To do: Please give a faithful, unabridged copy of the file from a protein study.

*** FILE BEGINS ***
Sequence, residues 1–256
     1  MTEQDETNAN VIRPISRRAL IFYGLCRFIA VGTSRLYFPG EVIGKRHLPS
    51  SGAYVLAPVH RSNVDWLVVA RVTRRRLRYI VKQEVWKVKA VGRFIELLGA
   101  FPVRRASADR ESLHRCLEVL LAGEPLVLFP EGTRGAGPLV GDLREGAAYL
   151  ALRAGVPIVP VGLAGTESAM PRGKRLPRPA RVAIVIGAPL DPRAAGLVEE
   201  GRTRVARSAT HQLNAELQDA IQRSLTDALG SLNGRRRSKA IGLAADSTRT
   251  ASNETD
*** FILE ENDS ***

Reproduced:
Sequence, residues 1–256
     1  MTEQDETNAN VIRPISRRAL IFYGLCRFIA VGTSRLYFPG EVIGKRHLPS
    51  SGAYVLAPVH RSNVDWLVVA RVTRRRLRYI VKQEVWKVKA VGRFIELLGA
   101  FPVRRASADR ESLHRCLEVL LAGEPLVLFP EGTRGAGPLV GDLREGAAYL
   151  ALRAGVPIVP VGLAGTESAM PRGKRLPRPA RVAIVIGAPL DPRAAGLVEE
   201  GRTRVARSAT HQLNAELQDA IQRSLTDALG SLNGRRRSKA IGLAADSTRT
   251  ASNETD